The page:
U.S. CitiesCity-Data Forum Index
Covid-19 Information Page
Go Back   City-Data Forum > General Forums > Education
 [Register]
Please register to participate in our discussions with 2 million other members - it's free and quick! Some forums can only be seen by registered members. After you create your account, you'll be able to customize options and access all our 15,000 new posts/day with fewer ads.
View detailed profile (Advanced) or search
site with Google Custom Search

Search Forums  (Advanced)
Reply Start New Thread
 
Old 08-21-2020, 08:35 PM
 
Location: We_tside PNW (Columbia Gorge) / CO / SA TX / Thailand
26,166 posts, read 43,924,389 times
Reputation: 29665

Advertisements

Quote:
Originally Posted by Slater View Post
I don't think I've ever met anyone who couldn't identify a potato .

But I'm sure there are high school and/or college students around that think Texas is the capital of New Mexico
You will find many of those 'type' students in Texas.


Interesting swimmers too. My friend's say "them thar Texans swim like cattle'.
(All the lifeguards at community pool swim with their heads out of water). Strangest thing I've seen... Hopefully those they are rescuing are above water too, so they can see them.
Rate this post positively Reply With Quote Quick reply to this message

 
Old 08-22-2020, 11:10 AM
 
Location: Oregon, formerly Texas
6,834 posts, read 4,515,462 times
Reputation: 11735
We're getting a nationwide social experiment RIGHT NOW of what life is like in a world without school.

Turns out, a lot of people don't like it.

The arguments you folks are having is not a new one. In fact it sounds like Socrates vs. the Sophists. The Sophists believed in education for practical uses, determined by those already in power. Socrates and his followers believed in education for the discovery of universal truths.

Last edited by redguard57; 08-22-2020 at 11:19 AM..
Rate this post positively Reply With Quote Quick reply to this message
 
Old 08-22-2020, 11:29 AM
 
Location: Sun City West, Arizona
31,044 posts, read 13,155,589 times
Reputation: 23718
Quote:
Originally Posted by redguard57 View Post
We're getting a nationwide social experiment RIGHT NOW of what life is like in a world without school.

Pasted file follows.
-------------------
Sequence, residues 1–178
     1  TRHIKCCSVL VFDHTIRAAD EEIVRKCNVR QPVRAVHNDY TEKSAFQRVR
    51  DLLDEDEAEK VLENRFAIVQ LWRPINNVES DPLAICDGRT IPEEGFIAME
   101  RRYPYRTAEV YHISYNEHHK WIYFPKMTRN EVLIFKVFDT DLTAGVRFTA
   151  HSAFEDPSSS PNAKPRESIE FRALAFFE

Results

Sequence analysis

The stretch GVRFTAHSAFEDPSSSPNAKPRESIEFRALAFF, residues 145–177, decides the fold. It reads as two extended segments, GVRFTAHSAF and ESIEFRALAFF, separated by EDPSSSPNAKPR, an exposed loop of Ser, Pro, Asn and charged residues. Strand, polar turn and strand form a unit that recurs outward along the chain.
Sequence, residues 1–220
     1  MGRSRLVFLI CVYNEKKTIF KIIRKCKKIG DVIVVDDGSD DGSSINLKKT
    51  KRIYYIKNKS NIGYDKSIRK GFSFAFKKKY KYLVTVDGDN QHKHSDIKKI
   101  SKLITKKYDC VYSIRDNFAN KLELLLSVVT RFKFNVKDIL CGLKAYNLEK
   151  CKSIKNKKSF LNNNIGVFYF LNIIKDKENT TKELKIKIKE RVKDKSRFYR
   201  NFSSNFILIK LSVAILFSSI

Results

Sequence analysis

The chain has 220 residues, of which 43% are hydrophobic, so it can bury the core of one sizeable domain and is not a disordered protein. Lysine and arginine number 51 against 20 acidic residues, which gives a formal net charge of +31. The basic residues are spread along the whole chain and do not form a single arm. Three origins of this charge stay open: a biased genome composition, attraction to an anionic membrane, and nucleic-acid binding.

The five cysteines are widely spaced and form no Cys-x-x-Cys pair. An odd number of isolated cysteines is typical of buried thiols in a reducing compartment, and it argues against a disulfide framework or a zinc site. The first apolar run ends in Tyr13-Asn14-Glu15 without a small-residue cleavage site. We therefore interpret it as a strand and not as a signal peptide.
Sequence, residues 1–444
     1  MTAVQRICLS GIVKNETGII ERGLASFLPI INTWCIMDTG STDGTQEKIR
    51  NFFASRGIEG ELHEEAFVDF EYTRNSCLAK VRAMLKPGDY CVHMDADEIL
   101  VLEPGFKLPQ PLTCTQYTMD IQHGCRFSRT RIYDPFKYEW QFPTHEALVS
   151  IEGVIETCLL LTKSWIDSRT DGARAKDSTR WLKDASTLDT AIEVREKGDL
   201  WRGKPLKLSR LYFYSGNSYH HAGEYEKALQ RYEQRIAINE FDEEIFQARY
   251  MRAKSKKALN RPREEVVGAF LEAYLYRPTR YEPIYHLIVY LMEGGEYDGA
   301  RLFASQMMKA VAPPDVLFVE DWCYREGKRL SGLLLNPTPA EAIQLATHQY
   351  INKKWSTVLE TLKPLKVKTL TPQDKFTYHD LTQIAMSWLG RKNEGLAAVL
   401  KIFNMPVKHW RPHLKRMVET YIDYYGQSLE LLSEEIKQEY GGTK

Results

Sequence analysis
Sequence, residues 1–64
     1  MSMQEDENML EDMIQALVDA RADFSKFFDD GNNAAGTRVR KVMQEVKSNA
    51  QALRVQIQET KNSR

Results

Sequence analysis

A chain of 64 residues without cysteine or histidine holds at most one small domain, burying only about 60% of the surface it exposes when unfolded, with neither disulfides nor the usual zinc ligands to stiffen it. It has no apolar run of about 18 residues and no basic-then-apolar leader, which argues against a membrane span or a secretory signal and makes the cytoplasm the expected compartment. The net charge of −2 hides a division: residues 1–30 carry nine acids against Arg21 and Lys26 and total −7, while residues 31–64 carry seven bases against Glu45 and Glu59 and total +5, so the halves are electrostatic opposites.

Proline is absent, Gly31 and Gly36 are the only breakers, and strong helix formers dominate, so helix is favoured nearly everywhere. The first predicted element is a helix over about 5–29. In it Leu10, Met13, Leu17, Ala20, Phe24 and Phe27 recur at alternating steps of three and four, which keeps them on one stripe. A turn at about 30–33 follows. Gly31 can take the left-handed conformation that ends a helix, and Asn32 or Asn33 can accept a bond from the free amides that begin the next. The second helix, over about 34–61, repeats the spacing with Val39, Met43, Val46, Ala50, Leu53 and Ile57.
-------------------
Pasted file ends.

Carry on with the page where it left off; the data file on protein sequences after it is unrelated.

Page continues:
Turns out, a lot of people don't like it.

The arguments you folks are having is not a new one. In fact it sounds like Socrates vs. the Sophists. The Sophists believed in education for practical uses, determined by those already in power. Socrates and his followers believed in education for the discovery of universal truths.
They were both wrong. It's not an either/or.
Rate this post positively Reply With Quote Quick reply to this message
 
Old 08-22-2020, 11:46 AM
 
Location: Oregon, formerly Texas
6,834 posts, read 4,515,462 times
Reputation: 11735
Quote:
Originally Posted by phetaroi View Post
They were both wrong. It's not an either/or.
My point was that it's a universal argument, never resolved even thousands of years later.

But we do both now. It's the idea behind our whole system - you start broadly, then telescope down into the practical. This is true for every major, even for the humanities.
Rate this post positively Reply With Quote Quick reply to this message
 
Old 08-22-2020, 11:54 AM
 
6,200 posts, read 2,740,005 times
Reputation: 11926
Quote:
Originally Posted by chiociolliscalves View Post
There are grown adults who think New Mexico isn't a part of this country.
I went to New Mexico a few years ago and had a few people ask me if I had my passport ready. It was almost to the point where I wondered if NM had seceded and I had missed the news.
Rate this post positively Reply With Quote Quick reply to this message
 
Old 08-22-2020, 11:54 AM
 
Location: We_tside PNW (Columbia Gorge) / CO / SA TX / Thailand
26,166 posts, read 43,924,389 times
Reputation: 29665
Quote:
Originally Posted by redguard57 View Post
We're getting a nationwide social experiment RIGHT NOW of what life is like in a world without school.

Turns out, a lot of people don't like it.

....
So many valuable lessons today for USA
  • Education, school structure and delivery
  • Healthcare
  • Politics
  • Economy

Wonderful learning / changing / growing / opportunity in many sectors.

Are we listening?

Will we act?

Will we complacently roll-over and carry-on, doing and promoting what we know does NOT work?.
Rate this post positively Reply With Quote Quick reply to this message
 
Old 08-23-2020, 12:40 PM
 
Location: Arizona
1,564 posts, read 1,339,858 times
Reputation: 2267